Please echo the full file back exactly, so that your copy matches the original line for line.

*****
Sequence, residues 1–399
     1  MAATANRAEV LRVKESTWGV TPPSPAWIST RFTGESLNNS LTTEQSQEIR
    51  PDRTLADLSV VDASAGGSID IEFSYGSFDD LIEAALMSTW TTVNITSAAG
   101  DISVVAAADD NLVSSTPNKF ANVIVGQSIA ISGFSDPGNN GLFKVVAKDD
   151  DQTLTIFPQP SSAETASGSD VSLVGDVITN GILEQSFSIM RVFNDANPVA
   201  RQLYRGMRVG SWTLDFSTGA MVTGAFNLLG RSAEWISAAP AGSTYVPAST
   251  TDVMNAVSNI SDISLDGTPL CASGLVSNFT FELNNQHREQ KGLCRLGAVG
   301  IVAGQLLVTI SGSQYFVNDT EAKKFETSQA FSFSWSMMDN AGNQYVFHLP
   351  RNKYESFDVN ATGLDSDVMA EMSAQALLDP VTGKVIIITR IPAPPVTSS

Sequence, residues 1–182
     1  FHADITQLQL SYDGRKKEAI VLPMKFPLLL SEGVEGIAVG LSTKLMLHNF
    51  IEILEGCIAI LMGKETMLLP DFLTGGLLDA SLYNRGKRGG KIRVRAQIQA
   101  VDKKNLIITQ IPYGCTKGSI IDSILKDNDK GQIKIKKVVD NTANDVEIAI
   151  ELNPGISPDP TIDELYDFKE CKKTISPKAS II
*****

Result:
Sequence, residues 1–399
     1  MAATANRAEV LRVKESTWGV TPPSPAWIST RFTGESLNNS LTTEQSQEIR
    51  PDRTLADLSV VDASAGGSID IEFSYGSFDD LIEAALMSTW TTVNITSAAG
   101  DISVVAAADD NLVSSTPNKF ANVIVGQSIA ISGFSDPGNN GLFKVVAKDD
   151  DQTLTIFPQP SSAETASGSD VSLVGDVITN GILEQSFSIM RVFNDANPVA
   201  RQLYRGMRVG SWTLDFSTGA MVTGAFNLLG RSAEWISAAP AGSTYVPAST
   251  TDVMNAVSNI SDISLDGTPL CASGLVSNFT FELNNQHREQ KGLCRLGAVG
   301  IVAGQLLVTI SGSQYFVNDT EAKKFETSQA FSFSWSMMDN AGNQYVFHLP
   351  RNKYESFDVN ATGLDSDVMA EMSAQALLDP VTGKVIIITR IPAPPVTSS

Sequence, residues 1–182
     1  FHADITQLQL SYDGRKKEAI VLPMKFPLLL SEGVEGIAVG LSTKLMLHNF
    51  IEILEGCIAI LMGKETMLLP DFLTGGLLDA SLYNRGKRGG KIRVRAQIQA
   101  VDKKNLIITQ IPYGCTKGSI IDSILKDNDK GQIKIKKVVD NTANDVEIAI
   151  ELNPGISPDP TIDELYDFKE CKKTISPKAS II